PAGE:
[Note: I’m not concerned about spoiling the 1978 movie, because, come on. but I’ve found it impossible to discuss the remake without going in depth, so below the cut, expect heavy spoilers.]
How do you remake a practically perfect horror movie? You don’t change things around to suit yourself, and you make sure to have some kind of hook that explores something that’s never been explored before. If those sound contradictory, well, I maintain that they are not or at least don’t have to be. For a completely random example, Rob Zombie’s Halloween remake: it has to include a scary kid who killed his whole family; then was placed under the care of a psychologist for 15 or so years, who became obsessed with him; then broke out of the sanitarium to find his baby sister, who has no idea that their relationship exists. While hunting her, he has to be confronted by sex-crazed teens over and over again, so that he will kill them in re-enactment of the murder of his older sister. The scary kid, his doctor, and his sister have to come together in a deadly climactic confrontation. Maybe it’s formulaic, but it’s a pretty good formula, and one that John Carpenter all but invented.
Except it also has to have something new, lest it risk the abject soullessness of the Psycho remake. The good news there is that Rob Zombie is good at theme, even if the theme is that random violence is essentially unavoidable and can fall down upon your head at any moment. Which, in retrospect, fits Halloween pretty well, so that’s alright. As for what he added, it was personality. We see Michael Myers in those early years when he had a face and a voice, and we see his family, and as a result we see his genesis? Yes and no. His life sucked, of course, and that’s not an excuse to turn into a psychopath. But in the wrong person, it can be a trigger, and I’m okay with that. And I get that Dr. Loomis giving up on him would have triggered his escape and search for validation in the one person left on earth who could love him, and certainly the one person left on earth who he loved, even more importantly. But Loomis’ ultimate failure to connect with the boy was inexplicable, and as such shouldn’t have made it onto the screen. Having stated that baldly, I’m now forced to admit that there’s no good transition between Loomis starting Michael’s treatment and his giving up over a decade later without showing some of the failure in between.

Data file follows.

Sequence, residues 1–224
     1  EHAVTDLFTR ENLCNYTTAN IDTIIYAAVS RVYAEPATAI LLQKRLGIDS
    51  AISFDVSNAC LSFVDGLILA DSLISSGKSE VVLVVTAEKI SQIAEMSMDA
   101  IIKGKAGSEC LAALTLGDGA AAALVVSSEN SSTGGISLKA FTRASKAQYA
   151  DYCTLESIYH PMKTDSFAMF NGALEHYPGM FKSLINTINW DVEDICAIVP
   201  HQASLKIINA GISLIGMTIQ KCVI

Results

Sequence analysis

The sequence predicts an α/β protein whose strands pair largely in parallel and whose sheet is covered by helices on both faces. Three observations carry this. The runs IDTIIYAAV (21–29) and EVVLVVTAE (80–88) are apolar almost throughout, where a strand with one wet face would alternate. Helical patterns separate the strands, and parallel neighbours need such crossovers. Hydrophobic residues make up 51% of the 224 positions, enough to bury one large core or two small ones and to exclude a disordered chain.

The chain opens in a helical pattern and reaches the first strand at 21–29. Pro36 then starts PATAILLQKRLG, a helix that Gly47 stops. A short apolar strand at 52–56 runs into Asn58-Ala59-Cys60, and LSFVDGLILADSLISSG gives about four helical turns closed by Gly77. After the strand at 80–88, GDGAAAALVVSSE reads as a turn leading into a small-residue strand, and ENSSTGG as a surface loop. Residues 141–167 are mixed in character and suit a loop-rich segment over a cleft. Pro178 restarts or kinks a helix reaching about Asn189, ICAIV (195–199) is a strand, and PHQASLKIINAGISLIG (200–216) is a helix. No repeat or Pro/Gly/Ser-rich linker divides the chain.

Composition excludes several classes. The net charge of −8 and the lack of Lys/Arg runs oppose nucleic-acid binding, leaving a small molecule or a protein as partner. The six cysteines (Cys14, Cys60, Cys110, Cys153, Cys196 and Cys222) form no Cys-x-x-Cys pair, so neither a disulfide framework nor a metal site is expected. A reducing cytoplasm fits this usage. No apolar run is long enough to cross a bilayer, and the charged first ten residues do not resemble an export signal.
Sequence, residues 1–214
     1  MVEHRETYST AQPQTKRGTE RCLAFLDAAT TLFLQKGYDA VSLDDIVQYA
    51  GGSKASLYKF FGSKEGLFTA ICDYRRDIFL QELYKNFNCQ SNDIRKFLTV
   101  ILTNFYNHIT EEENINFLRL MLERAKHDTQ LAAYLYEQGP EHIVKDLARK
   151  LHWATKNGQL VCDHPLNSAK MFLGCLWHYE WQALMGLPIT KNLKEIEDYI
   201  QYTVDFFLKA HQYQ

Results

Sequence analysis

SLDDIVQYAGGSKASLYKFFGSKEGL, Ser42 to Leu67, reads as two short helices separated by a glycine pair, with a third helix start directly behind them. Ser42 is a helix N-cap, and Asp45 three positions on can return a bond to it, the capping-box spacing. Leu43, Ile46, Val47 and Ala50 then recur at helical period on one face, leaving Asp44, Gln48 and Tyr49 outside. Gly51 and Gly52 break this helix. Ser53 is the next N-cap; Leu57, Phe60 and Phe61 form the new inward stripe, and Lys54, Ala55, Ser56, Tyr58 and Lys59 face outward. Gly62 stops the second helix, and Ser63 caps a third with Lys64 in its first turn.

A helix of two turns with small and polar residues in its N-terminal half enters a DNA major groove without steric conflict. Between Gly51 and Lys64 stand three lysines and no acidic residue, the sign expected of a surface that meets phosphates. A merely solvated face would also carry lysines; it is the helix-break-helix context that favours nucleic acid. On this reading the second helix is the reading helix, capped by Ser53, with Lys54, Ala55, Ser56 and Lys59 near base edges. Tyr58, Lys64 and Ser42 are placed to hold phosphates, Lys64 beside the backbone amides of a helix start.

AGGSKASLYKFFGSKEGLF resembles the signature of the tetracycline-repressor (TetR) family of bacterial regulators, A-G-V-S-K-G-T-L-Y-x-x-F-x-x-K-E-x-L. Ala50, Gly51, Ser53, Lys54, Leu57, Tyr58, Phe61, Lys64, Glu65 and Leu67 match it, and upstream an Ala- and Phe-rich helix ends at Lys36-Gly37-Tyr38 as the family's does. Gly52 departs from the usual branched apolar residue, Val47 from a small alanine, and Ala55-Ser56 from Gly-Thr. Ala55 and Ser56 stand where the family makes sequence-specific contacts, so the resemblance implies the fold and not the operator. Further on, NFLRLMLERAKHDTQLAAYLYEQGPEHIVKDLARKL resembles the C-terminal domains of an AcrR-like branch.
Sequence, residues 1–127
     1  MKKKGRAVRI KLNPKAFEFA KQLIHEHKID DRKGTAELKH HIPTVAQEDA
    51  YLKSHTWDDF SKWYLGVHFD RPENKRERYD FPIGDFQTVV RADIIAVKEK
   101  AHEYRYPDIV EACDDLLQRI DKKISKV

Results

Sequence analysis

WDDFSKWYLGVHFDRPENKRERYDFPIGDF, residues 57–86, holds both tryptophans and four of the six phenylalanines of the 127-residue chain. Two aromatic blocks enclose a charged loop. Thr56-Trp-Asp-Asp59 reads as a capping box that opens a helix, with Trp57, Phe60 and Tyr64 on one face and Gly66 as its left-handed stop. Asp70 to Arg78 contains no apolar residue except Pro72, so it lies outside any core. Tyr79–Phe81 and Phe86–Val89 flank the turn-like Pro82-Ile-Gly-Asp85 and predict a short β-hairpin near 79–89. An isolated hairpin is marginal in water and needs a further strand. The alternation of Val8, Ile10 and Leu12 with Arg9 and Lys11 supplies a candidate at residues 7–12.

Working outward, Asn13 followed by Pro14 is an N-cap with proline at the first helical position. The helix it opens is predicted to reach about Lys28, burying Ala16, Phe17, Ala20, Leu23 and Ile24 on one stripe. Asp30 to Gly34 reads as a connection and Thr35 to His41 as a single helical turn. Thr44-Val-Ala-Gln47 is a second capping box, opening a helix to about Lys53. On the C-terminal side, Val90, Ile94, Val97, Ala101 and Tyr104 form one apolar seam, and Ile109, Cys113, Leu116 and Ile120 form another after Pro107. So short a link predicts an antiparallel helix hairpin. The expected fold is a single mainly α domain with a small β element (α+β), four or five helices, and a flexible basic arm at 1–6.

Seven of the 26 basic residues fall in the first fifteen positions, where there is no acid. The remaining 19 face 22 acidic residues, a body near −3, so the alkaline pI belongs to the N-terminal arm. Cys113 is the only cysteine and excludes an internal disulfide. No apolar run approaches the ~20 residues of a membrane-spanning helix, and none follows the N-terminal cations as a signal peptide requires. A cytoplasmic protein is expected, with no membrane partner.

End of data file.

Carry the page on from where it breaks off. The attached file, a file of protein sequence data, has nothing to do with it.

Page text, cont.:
All of which leads into my big complaint with the movie, of which the previous issue is merely a symptom. As interesting and creepy as it was to watch a realistic portrayal of a young American psychopath, the better angle is the one that Loomis himself took: that the Devil lives behind Michael Myers’ eyes. Michael’s humanizing factor is his obsession with his sister, and that’s enough. Humanize him more, and suddenly there are all kinds of sticky questions about why shooting him barely slows him down, and why he always gets back up eventually, no matter how much has gone into knocking him down. Humanize him more, and it becomes impossible to explain why Loomis had such a failure to connect with his patient; when he’s just the faceless mask, you don’t wonder why, you just accept it.
However, the mask imagery made up for the flaws. Michael was as obsessed with masks as he was with his sister; within just months of his incarceration in the psych ward, his walls were covered with the masks he had made. A mask allowed him to become a different person, and eventually it wasn’t just a metaphor. Michael without a mask was a troubled boy with moments of sweetness. Michael with a mask was a soulless killing machine, lashing out at anyone who he perceived to have crossed him. And sometimes lashing out for no discernible reason at all, or at surrogates for those who had crossed him. Disturbing to watch the light go out in his eyes, yes, but very compelling. It was a good enough contrast study that, if I could only let myself believe that the mask could sap Michael of his physical humanity as effectively as it stripped him of his emotional humanity, I’d no longer have any complaints about the remake and have to instead be considering whether or not it had surpassed its progenitor.
As it is, Carpenter’s version wins, because I’m not stuck in a circle where I alternately suspend disbelief and question what I’m seeing as even vaguely plausible. Also because of its extraordinary sequel, though.